Summer Reading That Won't Make You Stupid: Portrait of the Food Critic as a Young Boho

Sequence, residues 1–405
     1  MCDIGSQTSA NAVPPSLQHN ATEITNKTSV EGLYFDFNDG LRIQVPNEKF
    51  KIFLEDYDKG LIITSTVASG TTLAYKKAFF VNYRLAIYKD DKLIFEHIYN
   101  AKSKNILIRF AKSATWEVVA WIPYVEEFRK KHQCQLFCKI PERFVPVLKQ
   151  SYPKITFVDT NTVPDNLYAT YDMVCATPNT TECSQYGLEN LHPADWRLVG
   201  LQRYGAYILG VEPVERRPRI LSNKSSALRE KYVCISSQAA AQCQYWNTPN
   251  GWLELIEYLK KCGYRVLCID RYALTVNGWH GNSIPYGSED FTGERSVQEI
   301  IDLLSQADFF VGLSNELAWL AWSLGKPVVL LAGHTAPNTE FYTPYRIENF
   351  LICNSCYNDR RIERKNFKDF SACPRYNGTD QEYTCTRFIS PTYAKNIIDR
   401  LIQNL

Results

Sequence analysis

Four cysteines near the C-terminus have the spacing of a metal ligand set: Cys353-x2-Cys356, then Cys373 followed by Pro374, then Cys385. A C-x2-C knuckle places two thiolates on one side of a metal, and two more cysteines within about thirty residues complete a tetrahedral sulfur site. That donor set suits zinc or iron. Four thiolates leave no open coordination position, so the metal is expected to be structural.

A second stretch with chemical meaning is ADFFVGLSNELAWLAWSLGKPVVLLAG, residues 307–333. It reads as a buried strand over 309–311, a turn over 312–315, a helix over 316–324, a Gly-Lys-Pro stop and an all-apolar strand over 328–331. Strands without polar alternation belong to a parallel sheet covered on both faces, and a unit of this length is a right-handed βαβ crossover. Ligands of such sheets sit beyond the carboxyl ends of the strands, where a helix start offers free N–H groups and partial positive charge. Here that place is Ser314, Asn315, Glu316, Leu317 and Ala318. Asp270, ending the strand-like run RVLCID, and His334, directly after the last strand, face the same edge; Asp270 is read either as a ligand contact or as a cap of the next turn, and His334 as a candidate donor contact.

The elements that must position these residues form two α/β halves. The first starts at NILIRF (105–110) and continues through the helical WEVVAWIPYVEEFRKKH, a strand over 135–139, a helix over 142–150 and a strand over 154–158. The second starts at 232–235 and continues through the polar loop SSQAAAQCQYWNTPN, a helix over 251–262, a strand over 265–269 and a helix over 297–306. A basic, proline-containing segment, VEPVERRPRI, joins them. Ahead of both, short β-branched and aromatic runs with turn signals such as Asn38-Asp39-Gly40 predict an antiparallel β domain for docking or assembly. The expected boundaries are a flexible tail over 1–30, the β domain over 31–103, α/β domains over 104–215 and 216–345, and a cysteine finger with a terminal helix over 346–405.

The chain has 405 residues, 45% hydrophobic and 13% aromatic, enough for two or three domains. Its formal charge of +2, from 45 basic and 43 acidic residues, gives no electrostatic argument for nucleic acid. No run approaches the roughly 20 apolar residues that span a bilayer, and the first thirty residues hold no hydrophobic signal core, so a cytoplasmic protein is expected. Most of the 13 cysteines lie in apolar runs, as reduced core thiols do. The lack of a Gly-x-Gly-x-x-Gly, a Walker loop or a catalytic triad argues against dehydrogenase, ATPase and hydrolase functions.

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Moira Hodgson's It Seemed Like a Good Idea at the Time: My Adventures in Life and Food (Nan A. Talese/Doubleday, $24.95) might have been subtitled The Education of a Restaurant Critic. The author's addition to an ever-expanding list of food memoirs will surprise (and probably charm) anyone unfamiliar with her New York Observer food reviews. Daughter of an English diplomat-cum-spy, Hodgson grew up in Egypt, Beirut, Stockholm, and Saigon as well as England, along the way feasting on both native cooking and British grub. Tales of bohemian life in Greenwich Village, Paris, London, Spain, and Marrakesh, and of affairs with, among others, a temperamental Argentine ballet dancer and poet William Merwin (not to mention writing gigs that included subbing for Mimi Sheraton at the New York Times and a stint at Vanity Fair) are lightly salted with recipes. They range from her grandmother's wartime steamed puddings (probably not worth attempting) to a more alluring lamb tagine with green olives. Like Hodgson's stories, it sounds delicious.

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